Preparation / Directions:
1. Melt 1 stick (8 tbsp.) of the butter in a skillet. Add the ricotta and dry milk, mix it in, and cook over medium-high heat to a thick paste (about 15 minutes), stirring constantly. Transfer the mixture to a small plate and set aside.
2. Wipe the skillet clean and add 2 tbsp. of the butter along with the almonds. Cook over medium-high heat until the almonds turn light golden (about 2 minutes), turning and tossing constantly. Drain the almonds on paper towels and set aside for garnish. Add the pistachios to the same skillet and cook until they become crisp (about 1 minute). Drain the pistachios on paper towels and set aside separately.
3. Wipe the skillet clean and add 1 stick (8 tbsp.) butter and place over medium-high heat. When the butter melts, add carrots and stir-fry until they are will coated with butter. Reduce heat to medium or medium- low, cover, and cook for 8 minutes or until the carrots are cooked but not mushy. Add sugar and cardamom and cook until the carrots are glazed (about 5 minutes), stirring constantly.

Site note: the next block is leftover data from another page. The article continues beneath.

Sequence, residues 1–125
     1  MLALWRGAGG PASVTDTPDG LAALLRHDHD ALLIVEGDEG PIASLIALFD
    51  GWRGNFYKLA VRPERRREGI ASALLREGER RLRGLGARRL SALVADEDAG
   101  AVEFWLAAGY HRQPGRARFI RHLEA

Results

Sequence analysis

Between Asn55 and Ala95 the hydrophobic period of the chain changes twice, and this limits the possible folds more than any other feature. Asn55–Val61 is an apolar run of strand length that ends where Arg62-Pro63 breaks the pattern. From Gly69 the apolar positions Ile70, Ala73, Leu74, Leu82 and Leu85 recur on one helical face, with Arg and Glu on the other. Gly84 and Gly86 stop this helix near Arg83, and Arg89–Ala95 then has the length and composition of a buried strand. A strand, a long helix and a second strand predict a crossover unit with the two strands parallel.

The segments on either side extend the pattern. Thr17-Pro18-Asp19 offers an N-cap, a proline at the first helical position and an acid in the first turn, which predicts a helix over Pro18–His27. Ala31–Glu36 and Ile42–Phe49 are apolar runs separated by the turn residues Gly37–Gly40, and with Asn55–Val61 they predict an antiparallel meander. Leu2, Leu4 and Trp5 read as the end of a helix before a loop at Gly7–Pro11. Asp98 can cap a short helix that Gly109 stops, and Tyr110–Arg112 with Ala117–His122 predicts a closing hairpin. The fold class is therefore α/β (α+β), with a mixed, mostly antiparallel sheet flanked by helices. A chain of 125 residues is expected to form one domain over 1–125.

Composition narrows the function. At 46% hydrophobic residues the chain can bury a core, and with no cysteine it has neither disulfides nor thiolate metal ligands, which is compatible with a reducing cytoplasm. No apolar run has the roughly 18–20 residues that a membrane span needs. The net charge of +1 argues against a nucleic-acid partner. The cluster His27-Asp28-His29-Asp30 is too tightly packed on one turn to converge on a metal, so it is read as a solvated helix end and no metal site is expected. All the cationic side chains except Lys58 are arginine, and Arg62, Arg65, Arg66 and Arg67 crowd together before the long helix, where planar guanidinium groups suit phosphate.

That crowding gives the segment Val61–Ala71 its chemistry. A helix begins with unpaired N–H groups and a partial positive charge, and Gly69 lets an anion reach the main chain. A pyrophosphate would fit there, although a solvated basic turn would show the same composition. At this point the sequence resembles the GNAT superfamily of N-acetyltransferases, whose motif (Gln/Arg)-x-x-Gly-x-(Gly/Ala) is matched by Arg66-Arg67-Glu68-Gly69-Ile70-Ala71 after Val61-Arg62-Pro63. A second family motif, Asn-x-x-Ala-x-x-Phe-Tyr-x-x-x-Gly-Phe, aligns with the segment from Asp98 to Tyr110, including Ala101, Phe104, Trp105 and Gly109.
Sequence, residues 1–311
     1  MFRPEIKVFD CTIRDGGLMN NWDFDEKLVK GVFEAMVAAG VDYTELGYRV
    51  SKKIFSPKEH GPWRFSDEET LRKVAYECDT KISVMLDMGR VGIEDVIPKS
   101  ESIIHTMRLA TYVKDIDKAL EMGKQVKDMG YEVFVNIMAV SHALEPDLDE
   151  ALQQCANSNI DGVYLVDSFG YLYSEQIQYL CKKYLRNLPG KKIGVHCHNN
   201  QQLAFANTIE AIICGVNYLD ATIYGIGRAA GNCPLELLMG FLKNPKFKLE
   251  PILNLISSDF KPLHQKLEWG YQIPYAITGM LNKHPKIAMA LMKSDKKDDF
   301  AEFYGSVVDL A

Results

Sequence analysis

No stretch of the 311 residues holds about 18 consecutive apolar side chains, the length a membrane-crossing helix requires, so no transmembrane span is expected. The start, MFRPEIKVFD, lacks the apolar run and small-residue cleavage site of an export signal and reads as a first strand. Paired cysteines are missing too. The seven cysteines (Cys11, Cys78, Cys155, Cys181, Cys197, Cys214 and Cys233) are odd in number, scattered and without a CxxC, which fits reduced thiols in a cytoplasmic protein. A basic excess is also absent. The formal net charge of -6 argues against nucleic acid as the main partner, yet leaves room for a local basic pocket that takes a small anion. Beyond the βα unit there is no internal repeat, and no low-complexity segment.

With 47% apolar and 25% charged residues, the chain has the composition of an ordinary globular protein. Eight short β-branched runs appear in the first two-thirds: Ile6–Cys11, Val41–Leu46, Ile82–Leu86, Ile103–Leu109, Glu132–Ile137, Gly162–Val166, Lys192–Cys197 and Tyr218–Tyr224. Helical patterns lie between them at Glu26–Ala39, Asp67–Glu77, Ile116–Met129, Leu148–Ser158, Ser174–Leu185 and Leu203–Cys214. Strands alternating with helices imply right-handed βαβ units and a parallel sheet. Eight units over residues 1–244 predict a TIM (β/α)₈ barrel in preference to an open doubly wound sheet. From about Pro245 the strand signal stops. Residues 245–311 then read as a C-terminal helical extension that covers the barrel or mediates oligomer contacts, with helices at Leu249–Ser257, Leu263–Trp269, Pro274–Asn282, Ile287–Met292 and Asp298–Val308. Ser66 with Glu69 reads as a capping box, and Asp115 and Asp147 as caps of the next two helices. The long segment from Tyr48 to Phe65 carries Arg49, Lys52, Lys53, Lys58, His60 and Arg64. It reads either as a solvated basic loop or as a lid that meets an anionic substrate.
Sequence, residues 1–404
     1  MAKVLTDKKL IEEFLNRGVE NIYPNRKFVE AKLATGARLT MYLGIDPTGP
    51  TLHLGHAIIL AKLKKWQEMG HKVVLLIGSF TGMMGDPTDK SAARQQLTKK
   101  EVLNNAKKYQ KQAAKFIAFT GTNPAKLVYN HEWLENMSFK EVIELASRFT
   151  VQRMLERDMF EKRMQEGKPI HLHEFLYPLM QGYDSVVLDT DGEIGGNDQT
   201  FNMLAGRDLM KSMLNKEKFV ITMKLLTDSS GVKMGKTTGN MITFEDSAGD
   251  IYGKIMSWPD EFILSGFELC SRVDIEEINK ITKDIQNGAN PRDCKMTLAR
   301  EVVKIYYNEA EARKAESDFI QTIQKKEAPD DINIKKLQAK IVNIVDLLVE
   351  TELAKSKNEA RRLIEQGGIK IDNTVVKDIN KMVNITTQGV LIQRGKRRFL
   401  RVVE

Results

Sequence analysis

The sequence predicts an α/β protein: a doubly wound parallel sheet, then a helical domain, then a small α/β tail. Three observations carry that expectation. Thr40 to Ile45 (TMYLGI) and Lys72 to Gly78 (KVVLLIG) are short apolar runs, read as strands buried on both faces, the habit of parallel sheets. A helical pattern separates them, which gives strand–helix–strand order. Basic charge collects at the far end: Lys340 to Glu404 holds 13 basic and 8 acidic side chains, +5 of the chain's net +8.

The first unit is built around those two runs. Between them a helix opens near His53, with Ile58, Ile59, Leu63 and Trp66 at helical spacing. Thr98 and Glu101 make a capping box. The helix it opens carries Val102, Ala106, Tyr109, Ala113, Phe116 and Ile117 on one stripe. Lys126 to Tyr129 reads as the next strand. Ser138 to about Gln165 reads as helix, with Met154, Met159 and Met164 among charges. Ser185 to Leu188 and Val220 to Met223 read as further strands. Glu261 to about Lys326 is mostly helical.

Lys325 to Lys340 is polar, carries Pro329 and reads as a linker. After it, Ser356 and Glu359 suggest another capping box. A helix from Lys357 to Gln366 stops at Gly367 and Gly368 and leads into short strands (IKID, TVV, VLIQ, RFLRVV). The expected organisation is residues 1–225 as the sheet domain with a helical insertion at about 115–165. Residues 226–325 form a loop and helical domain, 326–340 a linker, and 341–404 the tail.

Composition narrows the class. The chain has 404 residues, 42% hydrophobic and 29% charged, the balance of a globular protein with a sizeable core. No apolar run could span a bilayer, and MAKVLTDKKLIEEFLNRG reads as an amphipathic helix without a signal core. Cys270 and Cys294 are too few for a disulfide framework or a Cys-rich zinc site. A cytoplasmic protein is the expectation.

4. Blend in the milk-cheese paste and continue cooking and adding the remaining 6 tbsp. of butter in small portions, until the halwa looks thick and glazed (12 - 15 minutes). Turn off the heat and stir in the pistachios. The halwa can be made ahead and kept refrigerated for up to 1 week.
To serve: Heat the halwa and put on an attractive serving dish and pat it down with a metal spatula. Garnish the halwa with almonds. The halwa has the consistency of a thick, moist pudding. Therefore, serve scooped into individual dessert plates with a spoon.
The art of making halwa with nuts was introduced in India during the Moghul period by the traders from the Middle East and Asia Minor. It is the Indian cooks, however, who are credited with making halwa by using vegetables such as carrots, pumpkin, zucchini, snake squash, winter melon, potatoes, and yams. This glazed carrot halwa, a specialty of the Sikhs of Punjab, is the most popular halwa in India and is enjoyed as a dessert as well as a sweet. Traditionally it is made with milk fudge (khoya), but I substitute ricotta cheese combined with dry milk and butter, which is quicker and produces just as good a result.
From Classic Indian Vegetarian And Grain Cooking by Julie Sahni